Mark 3: 20-30
With the coming of the Holy Spirit on Pentecost still in mind, we’re hearing about the work of Jesus in the Holy Spirit and how it was misconstrued on one occasion as the work of Satan.
The story is going around that up in the Stanford Research Laboratories they have made an important change in procedure recently. Instead of using rats in their experiments they are now using attorneys. When asked why this change was initiated, the head of the lab said, “Well, there are two reasons: there are more of them available, and besides, we find that the students don’t get so emotionally attached to attorneys.” I’m not making a correlation between the work of Satan and the work of attorneys, but rather a connection between the illustration and the days of Jesus. There was evidently a high messianic expectation in Jesus’s day. Many came after John the Baptist because they thought he could have been the Messiah. A lot of false messiahs, a lot of expectations. Secondly, the duties of the scribes from Jerusalem included exposing the fraudulent messiahs and discrediting them publicly and breaking any emotional bonds the community might have with them.
The scribes who came down from home office, from Jerusalem, were so certain that whatever good Jesus did, he did through the power of Satan. He couldn’t possibly be doing the work of Yahweh, the work of God. They were so prejudiced against him that they couldn’t imagine Jesus doing anything God would approve of. Why would they think that? They believed they knew what God would approve of and what God wouldn’t.
I pastored a church where my leadership style had so disturbed a fraction of the congregation, they wanted me to leave in order to save the church. If I stayed, they believed the church would close. My opinion was that if they so wanted to save their church I’d just assume leave. I stood by the verse from Matthew 10 – “If anyone will not welcome you or listen to your words, shake the dust from your feet as you leave that house or town. (10:14)” I did not wish harm for that church, and I did not want this to be about me and what I preached and what direction I wanted the church to go. Anyone looking from the outside in might say, “If you were preaching the gospel, what was the problem?” If someone were looking at the work of Jesus in the gospel of Mark, they might ask what the problem was the scribes had with him. Some religious folks do not want the gospel fully proclaimed in word and deed to everyone.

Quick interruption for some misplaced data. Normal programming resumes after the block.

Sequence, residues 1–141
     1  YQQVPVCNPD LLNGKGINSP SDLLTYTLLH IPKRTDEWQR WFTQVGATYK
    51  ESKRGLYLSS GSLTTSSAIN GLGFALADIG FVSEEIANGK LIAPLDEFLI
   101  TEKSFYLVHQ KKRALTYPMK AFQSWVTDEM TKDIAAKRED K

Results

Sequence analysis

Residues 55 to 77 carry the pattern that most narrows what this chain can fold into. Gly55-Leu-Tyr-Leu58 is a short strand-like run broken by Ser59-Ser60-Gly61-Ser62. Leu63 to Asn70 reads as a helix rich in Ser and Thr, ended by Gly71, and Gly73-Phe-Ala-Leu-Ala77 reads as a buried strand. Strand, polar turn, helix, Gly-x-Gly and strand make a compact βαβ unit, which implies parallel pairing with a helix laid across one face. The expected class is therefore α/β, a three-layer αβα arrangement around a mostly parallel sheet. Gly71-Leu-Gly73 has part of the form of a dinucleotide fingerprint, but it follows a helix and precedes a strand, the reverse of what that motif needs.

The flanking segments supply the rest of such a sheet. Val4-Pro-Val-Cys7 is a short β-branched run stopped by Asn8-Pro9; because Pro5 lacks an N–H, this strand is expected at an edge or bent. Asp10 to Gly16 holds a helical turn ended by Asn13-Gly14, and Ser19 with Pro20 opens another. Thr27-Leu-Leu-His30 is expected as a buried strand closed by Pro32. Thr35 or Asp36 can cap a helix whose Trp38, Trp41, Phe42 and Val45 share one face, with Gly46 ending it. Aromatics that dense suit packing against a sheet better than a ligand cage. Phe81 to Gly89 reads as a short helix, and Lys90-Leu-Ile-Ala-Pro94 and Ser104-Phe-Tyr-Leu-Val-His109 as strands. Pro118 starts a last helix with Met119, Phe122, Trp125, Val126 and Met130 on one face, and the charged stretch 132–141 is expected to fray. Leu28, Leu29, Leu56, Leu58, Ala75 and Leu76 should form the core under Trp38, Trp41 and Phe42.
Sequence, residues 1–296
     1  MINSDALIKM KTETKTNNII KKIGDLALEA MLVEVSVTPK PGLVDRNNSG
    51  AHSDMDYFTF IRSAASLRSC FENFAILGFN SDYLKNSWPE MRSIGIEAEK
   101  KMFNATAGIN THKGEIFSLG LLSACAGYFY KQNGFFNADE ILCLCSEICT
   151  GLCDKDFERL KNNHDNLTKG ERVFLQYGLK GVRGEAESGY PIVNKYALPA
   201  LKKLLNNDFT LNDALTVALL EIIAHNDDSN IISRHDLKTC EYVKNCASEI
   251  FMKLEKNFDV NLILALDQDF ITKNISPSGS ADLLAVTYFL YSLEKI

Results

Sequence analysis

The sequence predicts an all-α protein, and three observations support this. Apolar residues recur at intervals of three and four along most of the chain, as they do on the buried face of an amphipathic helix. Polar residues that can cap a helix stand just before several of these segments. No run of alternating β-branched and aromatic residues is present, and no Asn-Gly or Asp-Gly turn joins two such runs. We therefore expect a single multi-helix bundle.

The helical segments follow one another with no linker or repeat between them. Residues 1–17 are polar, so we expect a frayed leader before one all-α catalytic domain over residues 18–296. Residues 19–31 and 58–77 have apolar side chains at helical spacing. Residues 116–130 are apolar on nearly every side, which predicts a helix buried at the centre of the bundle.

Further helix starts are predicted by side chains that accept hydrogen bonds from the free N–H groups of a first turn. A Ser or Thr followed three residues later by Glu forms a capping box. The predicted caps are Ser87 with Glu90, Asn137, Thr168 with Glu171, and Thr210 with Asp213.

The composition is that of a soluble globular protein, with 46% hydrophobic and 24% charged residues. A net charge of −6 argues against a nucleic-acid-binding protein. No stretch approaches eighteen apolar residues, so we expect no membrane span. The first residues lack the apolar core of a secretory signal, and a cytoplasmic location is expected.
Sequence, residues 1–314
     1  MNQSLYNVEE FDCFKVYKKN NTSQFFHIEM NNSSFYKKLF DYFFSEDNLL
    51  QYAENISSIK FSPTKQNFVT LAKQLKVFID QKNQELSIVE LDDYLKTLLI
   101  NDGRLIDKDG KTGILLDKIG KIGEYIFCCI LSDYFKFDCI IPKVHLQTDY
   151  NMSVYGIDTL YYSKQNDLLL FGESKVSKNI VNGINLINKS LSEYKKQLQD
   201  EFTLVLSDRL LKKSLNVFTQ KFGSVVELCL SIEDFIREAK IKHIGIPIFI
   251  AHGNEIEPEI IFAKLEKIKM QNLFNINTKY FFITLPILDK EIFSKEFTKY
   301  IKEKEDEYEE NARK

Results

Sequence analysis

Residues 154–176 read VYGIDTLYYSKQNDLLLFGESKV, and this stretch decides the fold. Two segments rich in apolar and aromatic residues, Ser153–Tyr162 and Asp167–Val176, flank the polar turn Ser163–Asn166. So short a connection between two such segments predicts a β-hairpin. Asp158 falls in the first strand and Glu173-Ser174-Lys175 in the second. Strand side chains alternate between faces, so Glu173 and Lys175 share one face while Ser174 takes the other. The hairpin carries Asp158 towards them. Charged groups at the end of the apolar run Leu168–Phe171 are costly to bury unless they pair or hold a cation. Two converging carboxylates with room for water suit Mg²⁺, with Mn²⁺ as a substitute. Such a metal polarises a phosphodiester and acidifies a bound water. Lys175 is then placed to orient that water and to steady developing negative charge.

After this encounter with the scribes from Jerusalem, Jesus’s mother and brothers came to where he was. A crowd sat around him. He heard his kinfolk were asking for him. Jesus responded, “Here are my mother and my brothers! Whoever does the will of God is my brother and sister and mother. (3:34-35)” He may not answer all your questions and ease all your concerns. My question then is why? Why is the answer he gives and the condition he leaves us not sufficient for us? He just wants us to be in relationship with him.
So much of this story is about relationships. The scribes believed Jesus was in relationship with Beelzebul because that was how he could cast out demons. His mother and brothers wanted him to leave the people surrounding him and come see them. Jesus’s relationship, however, was with the Holy Spirit because that was the spirit he carried and the means by which he cast out the demons, and he valued his relationship with those who did the will of God more than his relationship even with family.
Perhaps all of this leads us to the simple place of asking ourselves, “Are we doing the will of God?” The scribes of Jesus’s day were certain they were. The church I pastored years ago believed they were. Maybe even Mary and her sons believed they were. Jesus wanted a simple relationship with those who surrounded him, and, for him, they were doing the will of God. As we share in communion this morning, we’re doing the simple will of God by willingly coming forward to be in the presence of our Lord, simply affirming our belief in him, and receiving his grace and mercy. Thanks be to God.
Preached at Lincoln AL in Lincoln, AL, June 6, 2021